While in the above description, waveguide coupler 200 is described as being configured to maximally couple two orthogonal polarizations of the incident laser beam 171 into the waveguide core layer 230, in other embodiments, the waveguide coupler 200 can be configured to maximally couple divergent incident laser beams. In this regard, the incident laser beams may be incident on the waveguide coupler 200 in a distribution of incident angles instead of a single incident angle. For example, the divergent incident laser beams can comprise a first portion and a second portion, where the first portion has a first incident angle with respect to the waveguide core layer, and the second portion of the incident EM radiation has a second incident angle with respect to the waveguide core layer. As discussed above with respect to Eq. 1 and FIG. 2B, the resonant condition is dependent on the incident angle θ, and the FWHM response angle of a single grating is only a few degrees wide. Therefore, even for incident EM radiation having a single controlled polarization, a FWHM having a wide FWHM response angle may be desirable, especially for divergent incident EM radiation. For example, if the incident EM radiation includes two divergent laser beams, only one of the divergent beams can be maximally coupled by a single grating waveguide coupler. By providing two, top and bottom gratings with different geometries (e.g., periods and/or etch depths), a dual-grating waveguide coupler characterized by a response curve having a wider FWHM response angle such as the one illustrated in exemplary FIG. 2E may be obtained. Based on this approach, the dual-grating waveguide coupler 200 can be configured to couple a wider range of the distribution of incident angles and, hence, a greater portion of the incident laser beam into the waveguide core layer 230.

In other embodiments, the dual-grating waveguide coupler can be configured (e.g., optimized) for coupling both divergent laser beams and two orthogonally polarized laser beams. In yet other embodiments, the waveguide coupler can be configured to couple laser beam with astigmatism or having an elliptical shape. For example, the top and bottom gratings can have different curves and nonlinear pitches. In yet other embodiments, a metal trace or heat spreader can be put on top of the overcoat layer 310 to reduce the thermal concerns to yield a high laser performance, especially those involving flip-chip bonding of VCSEL.

As indicated above, the source of the incident laser beam 171 can be a semiconductor laser diode such as the laser diode 190 shown in FIG. 1. However, there can be different arrangements for the position of the laser diode. FIG. 3A is a diagram illustrating a laser diode 190A affixed (e.g., bonded, epoxied, or welded) to or otherwise in contact with the surface of the slider 101 (from FIG. 1) proximal to the waveguide coupler 200A via an overcoat layer 310. In the illustrated example, the laser diode 190A is a vertical-cavity surface emitting laser (VCSEL) having an emitting surface 191A bonded to a top surface of the overcoat layer 310. In other embodiments, the laser diode 190A can be an edge emitting laser. In some embodiments, the laser diode 191A can be a bare die diode laser. In other embodiments, the laser diode 190A can be a packaged laser (e.g., in TO-can). In certain embodiments, the laser diode 190A can be affixed to or otherwise in contact with the slider directly without an overcoat layer 310 disposed in between.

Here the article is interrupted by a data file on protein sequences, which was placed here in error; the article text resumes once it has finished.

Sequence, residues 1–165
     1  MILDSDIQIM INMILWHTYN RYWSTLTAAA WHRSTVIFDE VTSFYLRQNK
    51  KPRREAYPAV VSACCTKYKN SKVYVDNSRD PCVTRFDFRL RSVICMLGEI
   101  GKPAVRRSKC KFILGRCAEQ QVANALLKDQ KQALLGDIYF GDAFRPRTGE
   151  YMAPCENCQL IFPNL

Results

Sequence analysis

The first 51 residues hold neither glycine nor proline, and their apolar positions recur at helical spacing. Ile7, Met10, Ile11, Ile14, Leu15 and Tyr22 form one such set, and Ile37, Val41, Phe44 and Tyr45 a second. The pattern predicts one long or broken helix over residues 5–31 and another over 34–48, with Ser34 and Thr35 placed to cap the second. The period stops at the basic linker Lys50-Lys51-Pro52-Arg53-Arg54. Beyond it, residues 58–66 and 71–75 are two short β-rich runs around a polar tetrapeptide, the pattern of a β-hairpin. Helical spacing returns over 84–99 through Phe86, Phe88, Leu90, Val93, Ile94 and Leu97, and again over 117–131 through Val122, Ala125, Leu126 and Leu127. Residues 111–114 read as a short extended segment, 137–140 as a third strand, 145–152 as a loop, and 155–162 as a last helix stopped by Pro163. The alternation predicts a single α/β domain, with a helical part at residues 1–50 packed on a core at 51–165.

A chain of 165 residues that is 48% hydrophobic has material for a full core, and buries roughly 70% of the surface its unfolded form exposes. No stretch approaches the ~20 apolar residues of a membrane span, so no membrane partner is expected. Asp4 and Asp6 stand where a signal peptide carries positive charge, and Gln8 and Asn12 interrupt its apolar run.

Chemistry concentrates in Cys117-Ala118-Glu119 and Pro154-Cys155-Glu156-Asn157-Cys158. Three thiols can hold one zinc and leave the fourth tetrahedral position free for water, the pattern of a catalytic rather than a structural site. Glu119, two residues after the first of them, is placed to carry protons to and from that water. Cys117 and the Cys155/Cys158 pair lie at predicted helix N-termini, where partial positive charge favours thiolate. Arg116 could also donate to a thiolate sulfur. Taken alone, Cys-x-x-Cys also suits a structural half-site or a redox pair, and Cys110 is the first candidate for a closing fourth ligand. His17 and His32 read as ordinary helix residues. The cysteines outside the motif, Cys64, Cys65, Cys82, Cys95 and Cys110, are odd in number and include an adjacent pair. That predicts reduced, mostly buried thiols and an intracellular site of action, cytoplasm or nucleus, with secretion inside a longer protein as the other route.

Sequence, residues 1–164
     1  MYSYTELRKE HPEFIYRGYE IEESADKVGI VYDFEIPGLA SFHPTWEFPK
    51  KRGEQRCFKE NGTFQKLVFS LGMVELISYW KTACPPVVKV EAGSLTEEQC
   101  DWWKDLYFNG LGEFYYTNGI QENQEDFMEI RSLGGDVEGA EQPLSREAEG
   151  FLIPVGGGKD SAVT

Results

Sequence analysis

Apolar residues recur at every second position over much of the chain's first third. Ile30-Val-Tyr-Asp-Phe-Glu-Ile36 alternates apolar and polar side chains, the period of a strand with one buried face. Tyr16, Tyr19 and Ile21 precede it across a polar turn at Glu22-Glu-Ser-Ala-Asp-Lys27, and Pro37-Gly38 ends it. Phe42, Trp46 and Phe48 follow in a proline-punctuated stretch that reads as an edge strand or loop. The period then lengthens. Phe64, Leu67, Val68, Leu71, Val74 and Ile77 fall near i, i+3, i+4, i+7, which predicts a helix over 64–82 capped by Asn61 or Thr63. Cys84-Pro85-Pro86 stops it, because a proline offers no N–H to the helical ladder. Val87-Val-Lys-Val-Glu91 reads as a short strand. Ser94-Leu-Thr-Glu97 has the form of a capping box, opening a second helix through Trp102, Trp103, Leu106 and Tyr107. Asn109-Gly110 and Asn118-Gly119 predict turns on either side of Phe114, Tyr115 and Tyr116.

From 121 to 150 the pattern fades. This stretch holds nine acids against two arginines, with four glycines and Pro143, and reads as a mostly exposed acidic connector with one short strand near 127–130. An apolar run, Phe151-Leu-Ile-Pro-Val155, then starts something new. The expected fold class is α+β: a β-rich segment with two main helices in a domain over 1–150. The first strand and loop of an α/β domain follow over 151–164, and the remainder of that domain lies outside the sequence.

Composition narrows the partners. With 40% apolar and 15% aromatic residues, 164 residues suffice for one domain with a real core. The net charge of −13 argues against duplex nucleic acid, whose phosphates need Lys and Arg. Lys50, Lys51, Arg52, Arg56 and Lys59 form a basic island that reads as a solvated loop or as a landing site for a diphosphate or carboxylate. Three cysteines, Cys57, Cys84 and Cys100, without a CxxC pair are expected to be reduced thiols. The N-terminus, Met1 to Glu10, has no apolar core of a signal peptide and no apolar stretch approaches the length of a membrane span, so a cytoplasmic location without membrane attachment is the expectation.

During the recording operation, the VCSEL 190A emits incident laser beam 171A substantially perpendicular to the emitting surface 191A. The incident laser beam 171A is coupled into the waveguide core layer 230A by the top and bottom gratings of the waveguide coupler 200A to form a coupled laser beam 172A. The coupled laser beam 172A is directed and supplied to the near field transducer 158 (of FIG. 1).

FIG. 3B is a diagram illustrating an external laser diode 190B disposed separate from the slider and configured to emit incident laser beam 171B toward the waveguide coupler portion 200B via an air gap. In certain embodiments, the incident laser beam 171B can be collimated via a focusing lens (not shown).

In some embodiments (not shown) employing an external laser diode, the incident laser beam can be delivered to the waveguide coupler portion via an optical fiber having a first end affixed to or otherwise in contact with the laser diode and a second end affixed or otherwise in contact with the surface of the slider proximal to the waveguide coupler with or without an overcoat layer.

During a recording operation, the external laser diode 190 emits the incident laser beam 171B towards the waveguide coupler 200B. The incident laser beam 171B is coupled into the waveguide core layer 230B by the top and bottom gratings of the waveguide coupler 200B to form a coupled laser beam 172B. The coupled laser beam 172B is directed and supplied to the near field transducer 158 (of FIG. 1).

FIG. 4 is a flowchart illustrating an exemplary process 400 for forming a dual-grating waveguide coupler structure. For the purpose of illustration only, the process 400 is described with reference to the waveguide coupler 200 of FIG. 2A. The process 400 begins at a state 410, in which the bottom clad layer 220 is deposited over an underlying structure (e.g., a reader). The bottom clad layer 220 can include any transparent or semi-transparent material including, but not limited to, Al2O3 and SiO2. In some embodiments, a reflective metallic layer can be deposited between the underlying structure and the bottom clad layer 220 to further increase the coupling efficiency as discussed above.